Acton Institute Powerblog

5 ways to talk about politics peacefully

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This year, some families have little reason to give thanks, because political arguments have turned the holiday dinner table into a war zone. Friends, even relatives have cut ties with people who don’t share their political perspectives. Too often, flaring tempers quench the spirit of joy and brotherhood that should mark family gatherings.

The right way to respond isn’t to refuse to discuss politics and religion. It’s to talk about politics in a way that is worthy of Christians. These 5 steps can bring peace to our discussions through the holidays and well beyond:

1. Before you speak, listen. The great philosopher Mortimer J. Adler of the University of Chicago told William F. Buckley Jr. on Firing Line that listening to the other side is the necessary foundation of any discussion. That towering intellect undoubtedly knew that he echoed the Apostle James, who said, “Let every man be swift to hear, slow to speak, slow to wrath: For the wrath of man worketh not the righteousness of God” (James 1:19-20). After listening, repeat an accurate summary of the other person’s argument – and make sure you got it right by asking, “Do I understand you to say…?” If necessary, invite clarification. Any argument deserves to be met in its strongest form, not a flimsy straw man.

2. When you finally speak, proceed with humility. Friends on the other side are merely repeating the best conclusion they can make with the facts that they have. We are all made of the same clay, and we need to have the humility to admit that, on issues not addressed by Scripture, we could very well be wrong. Therefore, we should remember that the Apostle Paul wrote, “Let your speech be always with grace, seasoned with salt, that ye may know how ye ought to answer every man” (Colossians 4:6).

3. Don’t view the other person as an adversary. Unless you are on a debate stage or arguing in front of impressionable company, your relationship with the other person is more valuable than winning an argument. This is especially true of family or old friends. Begin by stating your respect for the person. Mention your shared goal to make the world a better place and touch on any other common ground you have. Instead of trying to land a humiliating knockout punch, see the other person as your partner on a mutual pursuit of the truth. As the Bible says, “As iron sharpens iron, so one man sharpens another” (Proverbs 27:17).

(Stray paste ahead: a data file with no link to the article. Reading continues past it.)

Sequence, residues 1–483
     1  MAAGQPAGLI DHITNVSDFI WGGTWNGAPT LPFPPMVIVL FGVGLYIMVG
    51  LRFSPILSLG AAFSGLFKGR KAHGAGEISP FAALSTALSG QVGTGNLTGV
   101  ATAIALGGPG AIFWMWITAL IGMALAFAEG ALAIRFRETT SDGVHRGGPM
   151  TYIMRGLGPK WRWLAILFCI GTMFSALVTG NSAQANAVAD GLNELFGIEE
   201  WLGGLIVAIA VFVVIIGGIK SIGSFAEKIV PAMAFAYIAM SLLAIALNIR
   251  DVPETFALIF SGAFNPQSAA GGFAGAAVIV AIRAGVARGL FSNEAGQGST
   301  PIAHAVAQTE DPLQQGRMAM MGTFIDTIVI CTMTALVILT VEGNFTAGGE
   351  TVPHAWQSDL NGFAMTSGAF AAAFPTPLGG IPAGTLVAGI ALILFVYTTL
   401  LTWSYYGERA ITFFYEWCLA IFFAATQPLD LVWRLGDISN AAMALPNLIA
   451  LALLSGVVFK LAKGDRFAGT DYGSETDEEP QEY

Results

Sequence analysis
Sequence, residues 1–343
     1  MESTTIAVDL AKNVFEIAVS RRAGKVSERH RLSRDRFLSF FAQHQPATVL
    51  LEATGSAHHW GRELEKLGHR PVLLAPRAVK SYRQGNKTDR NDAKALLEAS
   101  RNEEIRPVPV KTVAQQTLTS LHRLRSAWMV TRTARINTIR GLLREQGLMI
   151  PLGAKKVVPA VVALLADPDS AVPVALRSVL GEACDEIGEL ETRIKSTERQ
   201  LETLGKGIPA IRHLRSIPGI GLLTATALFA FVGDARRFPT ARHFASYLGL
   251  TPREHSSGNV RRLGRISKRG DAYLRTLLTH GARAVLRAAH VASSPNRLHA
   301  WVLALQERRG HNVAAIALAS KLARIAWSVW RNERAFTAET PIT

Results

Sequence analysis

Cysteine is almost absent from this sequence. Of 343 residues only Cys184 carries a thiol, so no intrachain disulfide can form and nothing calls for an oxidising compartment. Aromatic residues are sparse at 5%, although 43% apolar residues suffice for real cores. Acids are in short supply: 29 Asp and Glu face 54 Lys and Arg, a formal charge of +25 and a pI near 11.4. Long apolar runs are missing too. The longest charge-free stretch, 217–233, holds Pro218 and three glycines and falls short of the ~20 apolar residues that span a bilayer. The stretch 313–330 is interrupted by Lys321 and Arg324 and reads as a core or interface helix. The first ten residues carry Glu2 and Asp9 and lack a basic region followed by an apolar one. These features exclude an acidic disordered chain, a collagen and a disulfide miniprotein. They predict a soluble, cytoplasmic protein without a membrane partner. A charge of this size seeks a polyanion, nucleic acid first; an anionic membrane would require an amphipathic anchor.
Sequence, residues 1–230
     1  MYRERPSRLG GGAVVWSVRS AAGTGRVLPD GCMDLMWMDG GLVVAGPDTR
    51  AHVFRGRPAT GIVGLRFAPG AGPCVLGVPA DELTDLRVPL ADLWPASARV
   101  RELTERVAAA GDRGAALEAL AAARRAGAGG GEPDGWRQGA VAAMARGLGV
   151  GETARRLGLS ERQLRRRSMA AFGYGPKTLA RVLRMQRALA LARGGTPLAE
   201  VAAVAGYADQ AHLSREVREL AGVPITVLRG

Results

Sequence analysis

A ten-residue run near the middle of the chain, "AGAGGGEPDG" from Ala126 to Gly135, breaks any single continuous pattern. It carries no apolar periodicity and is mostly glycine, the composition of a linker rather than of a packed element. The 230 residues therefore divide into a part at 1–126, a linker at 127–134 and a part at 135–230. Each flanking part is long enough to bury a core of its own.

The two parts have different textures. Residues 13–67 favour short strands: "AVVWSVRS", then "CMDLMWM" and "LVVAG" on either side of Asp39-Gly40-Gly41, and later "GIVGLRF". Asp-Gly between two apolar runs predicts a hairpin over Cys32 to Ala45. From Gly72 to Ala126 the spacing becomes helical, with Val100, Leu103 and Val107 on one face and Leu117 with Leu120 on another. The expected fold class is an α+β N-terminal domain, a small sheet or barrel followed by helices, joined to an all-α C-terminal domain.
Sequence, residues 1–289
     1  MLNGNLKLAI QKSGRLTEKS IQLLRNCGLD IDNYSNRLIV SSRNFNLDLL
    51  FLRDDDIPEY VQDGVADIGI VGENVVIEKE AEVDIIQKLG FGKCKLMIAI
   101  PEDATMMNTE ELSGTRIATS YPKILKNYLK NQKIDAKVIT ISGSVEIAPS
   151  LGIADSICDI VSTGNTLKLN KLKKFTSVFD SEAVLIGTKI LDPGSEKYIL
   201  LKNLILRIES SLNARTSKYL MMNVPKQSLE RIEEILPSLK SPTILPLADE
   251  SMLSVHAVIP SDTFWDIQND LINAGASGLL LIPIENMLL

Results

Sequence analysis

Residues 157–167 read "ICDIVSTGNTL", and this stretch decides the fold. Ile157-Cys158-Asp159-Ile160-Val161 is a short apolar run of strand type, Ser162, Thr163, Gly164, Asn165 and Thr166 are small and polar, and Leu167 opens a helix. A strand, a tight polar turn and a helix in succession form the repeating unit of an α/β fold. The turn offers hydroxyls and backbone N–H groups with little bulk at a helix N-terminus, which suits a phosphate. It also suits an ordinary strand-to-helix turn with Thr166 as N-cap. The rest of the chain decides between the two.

4. Frame your conversation around their values. Spouting off our opinions makes us feel good, but it does nothing to convince other people we’re right. As you speak, try to consider how the other person is processing the discussion and address the other person’s values. For instance, if he says he supports abortion because he believes in woman’s rights, you can respond by saying that abortion hurts women, and that an estimated 200 million girls have been aborted just because of their sex. If the other person says he’s a socialist because people could only support capitalism out of “greed,” you could respond that you support the free market because it produces the greatest amount of wealth and the highest living standards for the poor. When you speak to their values, you begin a dialogue that can lead to conversion.

5. Don’t expect an instant conversion. Our society makes it easy to hermetically seal ourselves off from opposing views. For instance, Pew Research found that 4 of 10 Americans in both parties say they don’t have a single friend who supported the opposing presidential candidate. That means that meeting you may well be the first time the other person has ever encountered your worldview – especially if it is a Christian perspective. Your conversation may only be intended to plant a seed. At the end, reaffirm your common ground, thank the person for agreeing to explore these issues together, and express hope that the conversation will continue. As St. Paul wrote, “If it be possible, as much as it lies within you, live peaceably with all men” (Romans 12:19).

Following these steps does not guarantee that your friends or family will respond in kind. But they might and, in time, they may share your goodwill and respect with other people. One day, you may be remembered as someone who helped “raise up the foundations of many generations; and thou shalt be called, The repairer of the breach” (Isaiah 58:12).

Rev. Ben Johnson

Rev. Ben Johnson is Executive Editor of the Acton Institute's flagship journal Religion & Liberty and edits its transatlantic website.